It is too early for second national lockdown, ministers warned


It is "too early" for a second national lockdown and there is currently no evidence of a "what's called a second wave of coronavirus", a health expert has claimed.

Professor Carl Heneghan, director of Oxford University's centre for evidence-based medicine, said the country "can't afford to go now with harsh measures", saying there will be an inevitable resurgence in cases.

He added that there "has to be a level of immunity for this to become manageable", pointing to Sweden, which had a "rational debate" and kept the virus at manageable levels through the summer.

He also criticised the advice given to Prime Minister Boris Johnson and called for a "wider range of expertise in the room", adding that tighter restrictions may be needed "in the mid-winter when we might run into problems" and respiratory complaints increase.

Prof Heneghan told Sky News that Covid-19 was operating in a seasonal way similar to other respiratory infections, saying: "What we have to do now is slow down, this is a long winter."

He said: "If we go now it's too early. As it gets colder, as we're inside more, there will be more coughs and colds.

"If you're looking at a break and when we need it, we need it in the mid-winter when we might run into problems.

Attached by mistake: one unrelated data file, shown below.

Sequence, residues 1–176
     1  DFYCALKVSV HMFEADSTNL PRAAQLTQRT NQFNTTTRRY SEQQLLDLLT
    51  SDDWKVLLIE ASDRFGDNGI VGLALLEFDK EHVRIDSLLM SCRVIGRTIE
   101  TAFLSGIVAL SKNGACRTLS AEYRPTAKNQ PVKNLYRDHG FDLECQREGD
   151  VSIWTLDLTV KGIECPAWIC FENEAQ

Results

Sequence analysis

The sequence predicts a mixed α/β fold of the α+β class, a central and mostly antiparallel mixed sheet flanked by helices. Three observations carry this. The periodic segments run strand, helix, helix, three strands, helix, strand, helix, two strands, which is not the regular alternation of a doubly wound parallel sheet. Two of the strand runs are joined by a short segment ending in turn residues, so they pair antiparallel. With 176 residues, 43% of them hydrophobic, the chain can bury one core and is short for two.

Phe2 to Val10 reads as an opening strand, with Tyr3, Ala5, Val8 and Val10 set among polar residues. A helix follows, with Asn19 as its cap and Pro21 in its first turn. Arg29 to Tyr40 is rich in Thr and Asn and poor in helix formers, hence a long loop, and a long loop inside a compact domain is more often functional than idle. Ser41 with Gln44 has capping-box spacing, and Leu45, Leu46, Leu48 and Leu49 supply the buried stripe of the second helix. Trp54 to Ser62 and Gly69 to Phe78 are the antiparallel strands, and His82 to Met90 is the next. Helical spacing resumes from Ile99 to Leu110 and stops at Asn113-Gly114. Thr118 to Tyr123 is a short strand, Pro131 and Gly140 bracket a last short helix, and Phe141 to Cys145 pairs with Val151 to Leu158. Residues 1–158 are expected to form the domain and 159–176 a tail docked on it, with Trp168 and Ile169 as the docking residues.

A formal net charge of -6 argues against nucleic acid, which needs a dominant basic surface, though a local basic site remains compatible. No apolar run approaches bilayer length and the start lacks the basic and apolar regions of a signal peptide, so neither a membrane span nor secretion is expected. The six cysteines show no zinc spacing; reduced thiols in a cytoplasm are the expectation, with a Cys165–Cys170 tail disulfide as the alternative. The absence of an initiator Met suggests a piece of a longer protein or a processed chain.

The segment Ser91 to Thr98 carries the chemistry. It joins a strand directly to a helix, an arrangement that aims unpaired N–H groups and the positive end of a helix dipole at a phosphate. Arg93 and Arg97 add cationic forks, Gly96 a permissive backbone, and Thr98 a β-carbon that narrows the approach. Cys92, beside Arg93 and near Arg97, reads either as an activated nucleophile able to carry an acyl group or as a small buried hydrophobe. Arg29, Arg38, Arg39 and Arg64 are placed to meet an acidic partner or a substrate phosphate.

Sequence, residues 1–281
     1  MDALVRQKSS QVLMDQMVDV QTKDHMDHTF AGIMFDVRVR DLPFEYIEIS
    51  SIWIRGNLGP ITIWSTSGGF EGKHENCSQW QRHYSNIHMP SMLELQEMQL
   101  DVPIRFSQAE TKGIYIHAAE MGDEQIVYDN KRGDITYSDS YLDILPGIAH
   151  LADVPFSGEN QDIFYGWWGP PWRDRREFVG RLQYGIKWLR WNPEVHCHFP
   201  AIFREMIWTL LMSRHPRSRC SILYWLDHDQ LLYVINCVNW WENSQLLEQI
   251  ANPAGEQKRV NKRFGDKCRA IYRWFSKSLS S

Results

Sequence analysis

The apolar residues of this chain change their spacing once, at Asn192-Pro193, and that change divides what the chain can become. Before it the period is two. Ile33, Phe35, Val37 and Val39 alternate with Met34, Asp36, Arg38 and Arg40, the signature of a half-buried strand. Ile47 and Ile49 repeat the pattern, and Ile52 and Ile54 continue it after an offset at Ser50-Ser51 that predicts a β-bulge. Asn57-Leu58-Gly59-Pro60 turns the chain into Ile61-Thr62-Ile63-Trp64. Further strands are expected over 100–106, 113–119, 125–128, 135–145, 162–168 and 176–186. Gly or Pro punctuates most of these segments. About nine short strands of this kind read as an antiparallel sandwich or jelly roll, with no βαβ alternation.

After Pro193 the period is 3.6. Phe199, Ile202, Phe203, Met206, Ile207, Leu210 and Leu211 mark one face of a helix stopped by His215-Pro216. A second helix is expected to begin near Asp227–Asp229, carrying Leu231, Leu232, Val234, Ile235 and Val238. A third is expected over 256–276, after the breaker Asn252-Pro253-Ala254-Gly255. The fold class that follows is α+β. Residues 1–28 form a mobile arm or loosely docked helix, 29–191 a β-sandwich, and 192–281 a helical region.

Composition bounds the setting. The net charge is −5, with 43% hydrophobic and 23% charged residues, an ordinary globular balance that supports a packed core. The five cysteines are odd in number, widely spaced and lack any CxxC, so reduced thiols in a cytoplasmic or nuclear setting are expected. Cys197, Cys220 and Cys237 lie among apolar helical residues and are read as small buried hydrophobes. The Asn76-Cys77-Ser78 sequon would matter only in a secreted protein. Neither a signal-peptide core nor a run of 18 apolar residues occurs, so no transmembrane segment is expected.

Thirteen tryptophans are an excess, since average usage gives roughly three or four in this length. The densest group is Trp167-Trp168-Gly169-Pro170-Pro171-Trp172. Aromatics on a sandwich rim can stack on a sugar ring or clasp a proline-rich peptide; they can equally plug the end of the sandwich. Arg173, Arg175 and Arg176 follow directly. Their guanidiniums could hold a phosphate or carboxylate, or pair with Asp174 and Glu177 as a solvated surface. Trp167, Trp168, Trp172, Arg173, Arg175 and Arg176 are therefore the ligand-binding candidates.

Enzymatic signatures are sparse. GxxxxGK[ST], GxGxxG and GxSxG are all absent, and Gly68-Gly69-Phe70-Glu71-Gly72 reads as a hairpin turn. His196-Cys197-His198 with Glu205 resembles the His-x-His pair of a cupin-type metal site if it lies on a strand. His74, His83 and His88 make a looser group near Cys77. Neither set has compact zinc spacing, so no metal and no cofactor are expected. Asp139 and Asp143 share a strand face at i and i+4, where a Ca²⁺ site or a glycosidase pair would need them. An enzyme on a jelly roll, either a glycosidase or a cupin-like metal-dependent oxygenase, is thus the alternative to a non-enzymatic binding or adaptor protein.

"There's no evidence right now of what's called a second wave."

Asked if Prime Minister Boris Johnson was wrong in that assertion, he told Sky News it is an "incredibly complicated area" requiring years of healthcare experience to fully understand.

He said: "This is about good advice, to the Prime Minister, to the Health Secretary, that allows a wider range of expertise to come on board, and if they did that they might look at the problem slightly different.

"I think over the next few weeks if we can see a slower, analytical approach to the data, and a different approach to the advice, the Prime Minister might see a subtle change in his language that reflects a need to normalise what's going on.

(PA Graphics)
(PA Graphics)

"This is a seasonal effect now, if it becomes worse and it impacts on disease, then, yes, that's the point when we have restrictive measures, but that time is not now."

Prof Heneghan also pointed to the example of Sweden, which has "controlled the disease so that in the population it was at manageable levels".

He said: "Through the summer they had much higher cases than we had, when the impact of the disease is low ... that's creating population immunity, the only other way to do that is through vaccination.

"Even if we do have a vaccination there will be a need to get some level of population immunity is what we do for all other infections in the community."

He went on: "There are too many non-clinical people focusing on a single disease – Covid.

"Every time you decide to lock down you should have competing models that say 'what's the impact going to be on other diseases?' because it is huge every time you do that.

"That's why we're saying 'slow down, get a wider range of expertise in the room, so you can make a much more balanced decision' ... what about all the cancers, the heart disease, and then your educational, social situation, and the economy?

"They all have to go into the mix of the decision."